VIDEO: Breaking-In Your Hydraulic Flat Tappet Camshaft

When you rebuild an engine with a flat tappet cam, there are a few very specific break-in procedures that should be done to get the longest life, and best performance from your camshaft. Edelbrock gets a lot of questions about what exactly this entails, and what the proper break-in methods are for their flat tappet camshaft line. In this video, resident Edelbrock expert August Cederstrand walks us through the correct break-in methods for flat tappet camshafts, and what are the best practices to get the most out of your new setup.

Since the flat tappet camshaft operates with the help of any mechanical wear buffers in-between the cam and the lifters, the parts will go through wear-in together. What this means for your setup is that the lifters and cam lobes will match to one another over the life of the parts. That also means that with a new flat tappet cam, getting a set of new flat tappet lifters is absolutely essential, something August goes into depths to explain in the video. While installation and setting the flat tappet cam is no different along the way than a roller cam, the break-in is where everything comes into play.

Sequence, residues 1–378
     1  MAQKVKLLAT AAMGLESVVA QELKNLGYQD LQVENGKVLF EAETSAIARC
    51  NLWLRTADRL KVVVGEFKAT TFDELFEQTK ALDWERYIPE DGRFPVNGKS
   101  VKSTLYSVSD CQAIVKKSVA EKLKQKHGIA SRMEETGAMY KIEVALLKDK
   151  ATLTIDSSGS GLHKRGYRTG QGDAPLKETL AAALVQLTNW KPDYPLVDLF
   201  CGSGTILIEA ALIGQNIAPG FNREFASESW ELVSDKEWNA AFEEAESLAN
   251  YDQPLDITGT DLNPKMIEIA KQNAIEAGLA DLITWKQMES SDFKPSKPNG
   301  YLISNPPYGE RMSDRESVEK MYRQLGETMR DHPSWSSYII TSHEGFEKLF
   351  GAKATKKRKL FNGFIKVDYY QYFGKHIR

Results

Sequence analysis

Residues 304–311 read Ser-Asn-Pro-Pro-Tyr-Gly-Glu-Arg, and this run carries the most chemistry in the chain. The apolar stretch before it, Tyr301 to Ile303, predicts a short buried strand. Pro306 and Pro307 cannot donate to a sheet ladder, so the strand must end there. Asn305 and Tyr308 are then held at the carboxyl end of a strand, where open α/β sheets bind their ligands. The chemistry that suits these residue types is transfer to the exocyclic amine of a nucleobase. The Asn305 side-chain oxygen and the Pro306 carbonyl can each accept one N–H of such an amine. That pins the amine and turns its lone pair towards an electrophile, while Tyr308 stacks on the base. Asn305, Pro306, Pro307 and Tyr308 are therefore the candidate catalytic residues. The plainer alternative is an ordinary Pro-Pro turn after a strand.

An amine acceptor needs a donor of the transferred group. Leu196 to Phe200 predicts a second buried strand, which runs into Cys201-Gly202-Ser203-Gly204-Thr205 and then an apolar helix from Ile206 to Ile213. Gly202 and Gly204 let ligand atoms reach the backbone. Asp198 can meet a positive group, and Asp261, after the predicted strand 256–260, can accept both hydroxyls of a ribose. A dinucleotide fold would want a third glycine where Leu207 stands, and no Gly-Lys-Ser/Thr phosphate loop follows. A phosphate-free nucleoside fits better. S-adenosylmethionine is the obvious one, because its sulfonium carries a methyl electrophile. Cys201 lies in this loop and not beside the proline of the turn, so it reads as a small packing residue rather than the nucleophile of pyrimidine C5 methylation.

The most crucial step in the break-in process for your cam is to drain any oil in the engine, throw on a new oil filter, and fill the engine up with an oil that has a high level of zinc and phosphorus. These additives will act as a buffer between the cam and lifters during the break-in period.

Once you first start-up the engine, you need to bring the engine up to 2,500-rpm right away, with the timing between 25-40 degrees, and keep it there for 10-minutes while keeping an eye on the oil pressure. Then, increase the engine to 2,800-rpm for an additional 10-minutes, and decrease to 2,000-rpm for another 10-minutes.

Follow this with another oil change, and you should be ready to roll with the confidence that your camshaft and lifters are broken-in. Enjoy!

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